Two solar photovoltaic (PV) power plants – with a total installed capacity of 284 MW – have commenced operation in Angola’s western province of Benguela.
The solar plants come as part of the country’s Energy Angola 2025 program, which aims to diversify Angola’s electricity mix through investment in clean energy.
Also read: Angola TAAG resumes flights to Havana
At a cost of $300 million, the Biópio Solar Plant, situated in the Catumbela municipality, is the country’s biggest solar energy project, with a capacity of 188 MW, while the Baía Farta Solar Plant, with a capacity of 96 MW, features 261,360 solar panels and costs approximately $152 million.
The installations of the solar power plants and related systems in Angola were carried out by Portuguese business group MCA, having led the project’s execution phase in engineering, procurement and construction as part of an international consortium.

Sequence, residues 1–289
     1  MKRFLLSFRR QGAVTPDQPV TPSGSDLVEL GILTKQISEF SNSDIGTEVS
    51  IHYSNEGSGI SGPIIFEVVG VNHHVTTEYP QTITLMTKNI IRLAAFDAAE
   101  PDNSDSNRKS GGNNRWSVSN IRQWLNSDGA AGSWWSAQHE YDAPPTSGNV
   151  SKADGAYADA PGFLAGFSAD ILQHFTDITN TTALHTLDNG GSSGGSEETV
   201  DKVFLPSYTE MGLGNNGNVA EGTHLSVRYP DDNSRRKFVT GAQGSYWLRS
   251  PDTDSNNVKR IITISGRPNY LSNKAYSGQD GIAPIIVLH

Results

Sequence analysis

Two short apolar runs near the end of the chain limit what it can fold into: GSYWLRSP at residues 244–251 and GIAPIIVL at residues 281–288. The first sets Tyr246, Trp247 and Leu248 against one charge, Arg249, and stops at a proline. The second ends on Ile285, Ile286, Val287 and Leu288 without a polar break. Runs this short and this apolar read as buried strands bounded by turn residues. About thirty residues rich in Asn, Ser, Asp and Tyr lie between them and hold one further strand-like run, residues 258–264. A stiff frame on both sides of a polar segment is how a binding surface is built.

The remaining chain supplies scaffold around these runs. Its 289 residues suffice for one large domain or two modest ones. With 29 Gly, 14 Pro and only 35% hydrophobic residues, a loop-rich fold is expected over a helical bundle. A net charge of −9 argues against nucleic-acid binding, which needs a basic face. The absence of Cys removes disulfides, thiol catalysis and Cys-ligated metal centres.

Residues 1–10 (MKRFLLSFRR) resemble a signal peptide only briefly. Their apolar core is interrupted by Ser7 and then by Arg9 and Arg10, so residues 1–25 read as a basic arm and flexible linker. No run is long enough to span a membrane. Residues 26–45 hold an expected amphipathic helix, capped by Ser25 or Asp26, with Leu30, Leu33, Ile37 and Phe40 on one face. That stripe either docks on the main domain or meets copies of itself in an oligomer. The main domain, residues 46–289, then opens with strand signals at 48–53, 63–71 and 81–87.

The Biópio and Baía Farta projects are the first of seven solar power plants expected to become operational by 2023.
Announced in 2020, the construction of the solar farms will be led by MCA and will provide the provinces of Benguela, Huambo, Bié, Luanda-Norte, Luanda-Sul, and Moxico with a total generating capacity of 370 MW, providing clean and renewable electricity to approximately 2.4 million Angolans.
Also read: Saipem wins US$900M contract in Angola
The initiative, which is financed by World Bank subsidiary, the International Bank for Reconstruction and Development, as well as public financial institution, the French Development Agency, was launched in 2021 and aims to bring clean, reliable electricity to approximately 2.4 million Angolans, particularly in rural areas where 92% of the population lack access to electricity.